Emissions from wildfires have detrimental effects on air quality, climate change and human health. Despite frequent occurrence of wildfires and prescribed agricultural burns in upland areas, data on wildfire emissions in Ireland is scarce. This work was conducted as part of FLARES (Fire, Land and Atmospheric Remote Sensing of EmissionS), a project funded by the Irish Environmental Protection Agency (EPA) to improve the understanding of Irish upland fire emissions. Emission factors (EF) of typical Irish wildfire fuels (heather, gorse, purple moor grass) were measured for the first time. Emission factors were measured for a set of gases (carbon monoxide CO, carbon dioxide CO2, methane CH4, sulphur dioxide SO2 and nitric oxides NOx as NO), particulates and particulate fractions (fine particulate matter PM2.5, total particulate matter TPM, black carbon BC, organic carbon OC, elemental carbon EC and total carbon TC) and molecular biomarkers (levoglucosan, mannosan, galactosan, 4-Nitrocatechol 4-NC, 4-Nitrophenol 4-NP and 4-Nitroguaiacol 4-NG). Emission factors of measured gases were as follows: CO: 42 g/kg (heather), 27 g/kg (moor grass) and 80 g/kg (gorse); CO2 1167 g/kg (heather), 1558 g/kg (moor grass) and 1442 g/kg (gorse); SO2: 1.38 g/kg (heather), 1.08 g/kg (moor grass) and 1.68 g/kg g/kg (gorse); NOx as NO: 4.46 g/kg (heather), 5.51 g/kg (moor grass), and 6.85 g/kg (moor grass); CH4: 0.21 g/kg (moor grass) and 0.38 g/kg (gorse). Particulate EFs resulted in EF of 4.71 g/kg (heather), 2.42 g/kg (moor grass) and 10.46 g/kg (gorse) for PM2.5; 3.95 g/kg (heather), 4.26 g/kg (moor grass) and 14.33 g/kg (gorse) for TPM; 0.26 g/kg (heather), 0.21 g/kg (moor grass) and 0.50 g/kg (gorse) for BC; 1.28 g/kg (heather), 1.26 g/kg (moor grass) and 5.43 g/kg (gorse) for OC; 0.80 g/kg (heather), 0.81 g/kg (moor grass) and 2.23 g/kg (gorse) for EC; 2.09 g/kg (heather), 2.07 g/kg (moor grass) and 7.65 g/kg g/kg (gorse) for TC. EFs for biomarkers were 0.09 g/kg (heather), 0.18 g/kg (moor grass) and 0.19 g/kg (gorse) for levoglucosan; 0.01 g/kg (heather), 0.01 g/kg (moor grass) and 0.01 g/kg (gorse) for mannosan and 0.01 g/kg (heather), 0.01 g/kg (moor grass) and 0.02 g/kg (gorse) for galactosan; 0.78 mg/kg (heather), 0.42 mg/kg (moor grass) and 1.36 mg/kg (gorse) for 4-NC; 0.05 mg/kg (heather), 0.04 mg/kg (moor grass) and 0.07 mg/kg (gorse) for 4-NP and 0.25 mg/kg (heather), 0.15 mg/kg (moor grass) and 0.34 mg/kg (gorse) for 4-NG. Combustion took place under flaming combustion conditions, reflected in high modified combustion efficiencies (MCE) of 0.95 to 0.98. Emissions for species like CO, PM2.5 and volatile organic compounds (VOCs) would be expected to be higher under real-world conditions where MCE is lower. Secondary organic aerosol (SOA) formation from combustion emissions of the three fuels was studied under simulated day-time (UV lights and UV+OH precursor addition) and night-time conditions (dark + O3 addition) in an atmospheric simulation chamber. SOA mass increased by 2-11% and was dependent on fuel type and oxidising conditions. Field and laboratory samples were analysed at the Leibniz Institute for Tropospheric Research (TROPOS) in Leipzig, Germany. Filter samples were analysed for the biomarkers levoglucosan, mannosan, galactosan, 4-nitrocatechol, 4-nitrophenol, and 4-nitroguiacol. Laboratory experiments were complemented by field studies. Ambient levels of PM2.5 and BC were measured during an 8-week field study in Glencree, rural Co. Wicklow, Ireland. Source appointment of BC and analysis of biomarkers found no unambiguous signals that could be associated with wildfires. However, this dataset represents a valuable glance at air quality in a rural setting in Ireland. Despite the remote location and low population density in Glencree Valley, anthropogenic influences on air quality were significant, most notably from residential solid fuel burning. Monthly PM2.5 concentrations in Glencree (4.6 μg m–3) were lower than in nearby urban Tallaght (7.0 μg m–3), but less than expected based on the difference in population and local pollution sources. Other field observations included opportunistic sampling of the plume of a major wildfire at Killarney National Park, Co. Kerry, in April 2022. Findings presented in this thesis contribute to the understanding of wildfire emissions in Ireland and highlight the influence of anthropogenic air pollution from solid fuel burning on rural locations.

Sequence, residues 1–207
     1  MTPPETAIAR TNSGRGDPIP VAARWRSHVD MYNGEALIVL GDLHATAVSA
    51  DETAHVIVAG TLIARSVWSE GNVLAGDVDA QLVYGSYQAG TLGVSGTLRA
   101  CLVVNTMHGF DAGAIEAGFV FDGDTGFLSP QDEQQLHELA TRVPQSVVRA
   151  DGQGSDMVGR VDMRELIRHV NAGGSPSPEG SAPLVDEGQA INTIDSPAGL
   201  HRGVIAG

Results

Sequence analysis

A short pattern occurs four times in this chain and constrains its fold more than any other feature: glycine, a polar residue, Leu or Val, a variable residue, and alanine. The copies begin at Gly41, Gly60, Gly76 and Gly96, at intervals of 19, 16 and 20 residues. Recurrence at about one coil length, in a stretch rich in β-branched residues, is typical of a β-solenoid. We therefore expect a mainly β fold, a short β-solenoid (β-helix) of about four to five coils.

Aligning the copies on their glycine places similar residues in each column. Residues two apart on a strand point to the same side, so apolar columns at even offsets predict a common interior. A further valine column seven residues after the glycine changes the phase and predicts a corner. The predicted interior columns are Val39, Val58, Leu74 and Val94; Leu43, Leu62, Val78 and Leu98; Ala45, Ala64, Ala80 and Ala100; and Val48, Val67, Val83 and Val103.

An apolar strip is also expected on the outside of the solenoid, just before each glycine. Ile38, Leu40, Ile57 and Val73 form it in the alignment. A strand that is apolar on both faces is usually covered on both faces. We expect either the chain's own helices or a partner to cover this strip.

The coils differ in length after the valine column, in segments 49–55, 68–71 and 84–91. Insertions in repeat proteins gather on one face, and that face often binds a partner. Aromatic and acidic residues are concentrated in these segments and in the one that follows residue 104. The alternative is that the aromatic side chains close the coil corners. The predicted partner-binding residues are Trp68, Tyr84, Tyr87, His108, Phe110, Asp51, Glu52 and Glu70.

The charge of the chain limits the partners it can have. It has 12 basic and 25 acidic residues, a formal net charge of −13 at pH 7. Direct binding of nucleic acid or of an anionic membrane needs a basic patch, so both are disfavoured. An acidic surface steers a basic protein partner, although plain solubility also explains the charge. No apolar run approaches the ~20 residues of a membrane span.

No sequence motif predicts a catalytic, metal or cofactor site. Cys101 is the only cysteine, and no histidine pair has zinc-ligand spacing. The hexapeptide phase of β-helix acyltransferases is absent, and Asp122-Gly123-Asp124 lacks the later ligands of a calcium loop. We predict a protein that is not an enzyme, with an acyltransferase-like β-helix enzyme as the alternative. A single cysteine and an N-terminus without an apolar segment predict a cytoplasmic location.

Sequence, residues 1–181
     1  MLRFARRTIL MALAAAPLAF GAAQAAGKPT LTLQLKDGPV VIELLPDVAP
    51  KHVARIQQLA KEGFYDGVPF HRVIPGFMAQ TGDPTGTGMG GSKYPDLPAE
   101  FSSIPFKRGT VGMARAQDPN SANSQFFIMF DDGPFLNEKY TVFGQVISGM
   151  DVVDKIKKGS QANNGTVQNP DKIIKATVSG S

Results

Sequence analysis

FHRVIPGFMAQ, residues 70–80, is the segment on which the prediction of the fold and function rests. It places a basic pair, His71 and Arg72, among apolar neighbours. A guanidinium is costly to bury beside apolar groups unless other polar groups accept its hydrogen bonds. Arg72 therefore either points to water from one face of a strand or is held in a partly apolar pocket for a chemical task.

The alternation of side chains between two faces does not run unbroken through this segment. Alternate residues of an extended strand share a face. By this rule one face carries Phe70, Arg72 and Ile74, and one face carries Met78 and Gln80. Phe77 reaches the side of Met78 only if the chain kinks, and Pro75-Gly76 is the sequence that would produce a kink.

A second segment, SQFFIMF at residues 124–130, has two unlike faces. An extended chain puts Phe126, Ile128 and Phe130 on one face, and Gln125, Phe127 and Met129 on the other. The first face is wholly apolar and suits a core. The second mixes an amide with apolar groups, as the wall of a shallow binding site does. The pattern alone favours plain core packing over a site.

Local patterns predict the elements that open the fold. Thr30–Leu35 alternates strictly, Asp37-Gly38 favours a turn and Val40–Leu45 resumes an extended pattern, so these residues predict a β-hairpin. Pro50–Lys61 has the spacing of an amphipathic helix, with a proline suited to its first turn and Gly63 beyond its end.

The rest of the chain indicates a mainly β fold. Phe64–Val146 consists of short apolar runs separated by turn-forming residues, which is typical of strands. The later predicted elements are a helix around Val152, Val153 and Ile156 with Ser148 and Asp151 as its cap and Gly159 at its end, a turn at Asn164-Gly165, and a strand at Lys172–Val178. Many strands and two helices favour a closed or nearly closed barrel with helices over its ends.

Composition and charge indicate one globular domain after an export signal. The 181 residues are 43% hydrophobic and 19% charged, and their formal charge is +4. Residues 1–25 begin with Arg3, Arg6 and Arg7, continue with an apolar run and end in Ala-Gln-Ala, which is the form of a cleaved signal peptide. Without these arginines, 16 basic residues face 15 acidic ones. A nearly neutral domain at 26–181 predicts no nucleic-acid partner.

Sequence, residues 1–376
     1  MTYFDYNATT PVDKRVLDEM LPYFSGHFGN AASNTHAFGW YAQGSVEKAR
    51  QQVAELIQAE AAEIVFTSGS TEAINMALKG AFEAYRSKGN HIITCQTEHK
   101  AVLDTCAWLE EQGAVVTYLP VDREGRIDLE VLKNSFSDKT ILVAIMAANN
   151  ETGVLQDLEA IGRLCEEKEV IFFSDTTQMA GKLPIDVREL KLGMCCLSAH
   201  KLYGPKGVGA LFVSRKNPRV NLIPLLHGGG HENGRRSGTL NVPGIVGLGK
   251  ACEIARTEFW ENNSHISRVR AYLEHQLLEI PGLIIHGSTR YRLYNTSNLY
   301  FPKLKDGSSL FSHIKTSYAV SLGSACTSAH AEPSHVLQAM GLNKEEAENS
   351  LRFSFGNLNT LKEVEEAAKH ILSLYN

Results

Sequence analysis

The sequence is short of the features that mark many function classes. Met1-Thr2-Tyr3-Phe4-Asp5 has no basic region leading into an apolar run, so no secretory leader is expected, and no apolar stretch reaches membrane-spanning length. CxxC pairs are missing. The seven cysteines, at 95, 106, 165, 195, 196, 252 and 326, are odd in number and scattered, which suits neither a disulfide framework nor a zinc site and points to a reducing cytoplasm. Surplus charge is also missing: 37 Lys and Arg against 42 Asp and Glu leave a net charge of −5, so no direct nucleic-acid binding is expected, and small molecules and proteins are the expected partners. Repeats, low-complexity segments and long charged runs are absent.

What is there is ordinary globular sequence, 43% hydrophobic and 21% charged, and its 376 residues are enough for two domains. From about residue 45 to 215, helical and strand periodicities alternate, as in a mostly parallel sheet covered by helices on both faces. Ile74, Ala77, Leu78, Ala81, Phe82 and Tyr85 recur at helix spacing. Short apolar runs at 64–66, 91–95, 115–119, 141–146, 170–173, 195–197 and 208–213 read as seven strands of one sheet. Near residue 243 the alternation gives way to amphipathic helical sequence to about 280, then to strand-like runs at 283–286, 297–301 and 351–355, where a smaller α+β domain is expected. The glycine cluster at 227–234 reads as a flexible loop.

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    A drifter-based self-powered piezoelectric sensor for ocean wave measurements
    (University College Cork, 2022-07-01) Kargar, Seyyed Masoud; Hao, Guangbo; Kavanagh, Richard; European Regional Development Fund